Hippocampal signaling pathways are involved in stress-induced impairment of memory formation in rats.
MetadataShow full item record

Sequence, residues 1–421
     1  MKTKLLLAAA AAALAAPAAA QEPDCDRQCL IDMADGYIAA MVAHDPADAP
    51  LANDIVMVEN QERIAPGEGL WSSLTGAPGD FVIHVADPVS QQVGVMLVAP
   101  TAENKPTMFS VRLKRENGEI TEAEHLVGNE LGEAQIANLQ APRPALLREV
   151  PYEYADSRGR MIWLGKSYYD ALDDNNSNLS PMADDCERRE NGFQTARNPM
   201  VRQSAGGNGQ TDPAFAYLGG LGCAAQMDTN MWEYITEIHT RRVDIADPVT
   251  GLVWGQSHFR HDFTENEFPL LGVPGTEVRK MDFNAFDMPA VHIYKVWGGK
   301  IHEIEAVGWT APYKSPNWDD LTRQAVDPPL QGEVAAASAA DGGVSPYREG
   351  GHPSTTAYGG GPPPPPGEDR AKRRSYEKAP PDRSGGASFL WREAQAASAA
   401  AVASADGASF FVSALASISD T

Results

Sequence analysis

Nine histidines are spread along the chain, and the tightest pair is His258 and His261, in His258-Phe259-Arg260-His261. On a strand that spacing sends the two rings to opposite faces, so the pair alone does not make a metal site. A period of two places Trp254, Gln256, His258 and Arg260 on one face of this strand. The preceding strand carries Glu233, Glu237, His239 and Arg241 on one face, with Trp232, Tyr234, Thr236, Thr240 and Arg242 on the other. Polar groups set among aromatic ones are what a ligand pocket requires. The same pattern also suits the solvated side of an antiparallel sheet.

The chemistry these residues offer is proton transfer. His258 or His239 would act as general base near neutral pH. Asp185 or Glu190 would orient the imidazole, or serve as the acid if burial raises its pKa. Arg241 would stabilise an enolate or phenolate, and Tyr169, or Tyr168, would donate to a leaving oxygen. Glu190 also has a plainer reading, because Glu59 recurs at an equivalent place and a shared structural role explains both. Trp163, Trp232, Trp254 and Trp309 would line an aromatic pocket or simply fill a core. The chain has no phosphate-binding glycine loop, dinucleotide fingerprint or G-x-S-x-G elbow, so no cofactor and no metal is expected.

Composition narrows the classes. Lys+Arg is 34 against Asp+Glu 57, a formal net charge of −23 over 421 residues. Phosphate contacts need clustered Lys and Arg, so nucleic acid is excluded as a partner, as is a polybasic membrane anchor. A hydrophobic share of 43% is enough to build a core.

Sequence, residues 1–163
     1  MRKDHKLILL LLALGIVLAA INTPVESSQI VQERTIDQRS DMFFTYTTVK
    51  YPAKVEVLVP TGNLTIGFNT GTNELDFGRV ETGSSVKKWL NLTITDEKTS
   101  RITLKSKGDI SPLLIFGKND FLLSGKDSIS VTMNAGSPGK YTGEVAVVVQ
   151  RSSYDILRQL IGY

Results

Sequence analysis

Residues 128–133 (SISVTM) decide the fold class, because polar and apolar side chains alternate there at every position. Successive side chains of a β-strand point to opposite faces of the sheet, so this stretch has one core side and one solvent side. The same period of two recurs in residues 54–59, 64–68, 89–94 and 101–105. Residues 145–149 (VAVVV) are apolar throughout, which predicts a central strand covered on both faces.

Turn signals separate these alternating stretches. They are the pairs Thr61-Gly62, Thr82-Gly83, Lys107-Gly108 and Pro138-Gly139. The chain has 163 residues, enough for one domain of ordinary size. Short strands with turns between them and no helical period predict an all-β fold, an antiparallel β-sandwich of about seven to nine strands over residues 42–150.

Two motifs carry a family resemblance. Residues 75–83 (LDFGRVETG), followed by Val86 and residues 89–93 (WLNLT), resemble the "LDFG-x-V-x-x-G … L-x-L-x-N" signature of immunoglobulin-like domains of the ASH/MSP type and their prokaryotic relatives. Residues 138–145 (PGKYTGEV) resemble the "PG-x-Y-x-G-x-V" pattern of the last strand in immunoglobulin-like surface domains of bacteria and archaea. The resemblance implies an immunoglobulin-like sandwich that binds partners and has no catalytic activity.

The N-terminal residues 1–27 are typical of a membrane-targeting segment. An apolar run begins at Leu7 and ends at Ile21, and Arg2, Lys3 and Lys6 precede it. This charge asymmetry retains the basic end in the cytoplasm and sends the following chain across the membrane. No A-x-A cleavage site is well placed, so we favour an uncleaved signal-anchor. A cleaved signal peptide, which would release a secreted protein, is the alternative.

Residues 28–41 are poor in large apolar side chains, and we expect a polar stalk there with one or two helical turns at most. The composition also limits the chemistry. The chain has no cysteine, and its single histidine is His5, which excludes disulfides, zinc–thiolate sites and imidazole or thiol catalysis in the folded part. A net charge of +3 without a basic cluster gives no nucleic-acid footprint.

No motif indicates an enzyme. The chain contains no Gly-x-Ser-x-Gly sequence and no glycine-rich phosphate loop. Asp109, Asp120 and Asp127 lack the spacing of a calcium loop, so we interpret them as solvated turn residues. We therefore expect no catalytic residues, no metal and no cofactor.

Stress is a potent modulator of hippocampal-dependent memory formation. The aim of the present study was to assess the role of hippocampal signaling pathways in stress-induced memory impairment in male Wistar rats. The animals were exposed to acute elevated platform (EP) stress and memory formation was measured by a step-through type passive avoidance task. The results indicated that post-training or pre-test exposure to EP stress impaired memory consolidation or retrieval respectively. Using western blot analysis, it was found that memory retrieval was associated with the increase in the levels of phosphorylated cAMP-responsive element binding protein (P-CREB), peroxisome proliferator-activated receptor gamma coactivator-1α (PGC-1α) and its downstream targets in the hippocampus. In contrast, the stress exposure decreased the hippocampal levels of these proteins. In addition, stress-induced impairment of memory consolidation or retrieval was associated with the decrease in the P-CREB/CREB ratio and the PGC-1α level in the hippocampus. On the other hand, the hippocampal level of nuclear factor E2-related factor 2 (Nrf2) and gamma-glutamylcysteine synthetase (γ-GCS) which are the master regulators of defense system were decreased by the stress exposure. The increased hippocampal levels of Nrf2 and it׳s downstream was observed during memory retrieval, while stress-induced impairment of memory consolidation or retrieval inhibited this hippocampal signaling pathway. Overall, these findings suggest that down-regulation of CREB/PGC-1α signaling cascade and Nrf2 antioxidant pathways in the hippocampus may be associated with memory impairment induced by stress.